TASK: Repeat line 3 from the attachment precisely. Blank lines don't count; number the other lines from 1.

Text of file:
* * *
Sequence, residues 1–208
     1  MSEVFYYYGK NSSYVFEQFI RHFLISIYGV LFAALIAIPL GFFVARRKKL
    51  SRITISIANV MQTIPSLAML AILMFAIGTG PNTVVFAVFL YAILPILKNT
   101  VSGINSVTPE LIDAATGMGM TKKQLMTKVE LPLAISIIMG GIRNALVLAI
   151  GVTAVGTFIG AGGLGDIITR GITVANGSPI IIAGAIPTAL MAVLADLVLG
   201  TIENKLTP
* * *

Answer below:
    51  SRITISIANV MQTIPSLAML AILMFAIGTG PNTVVFAVFL YAILPILKNT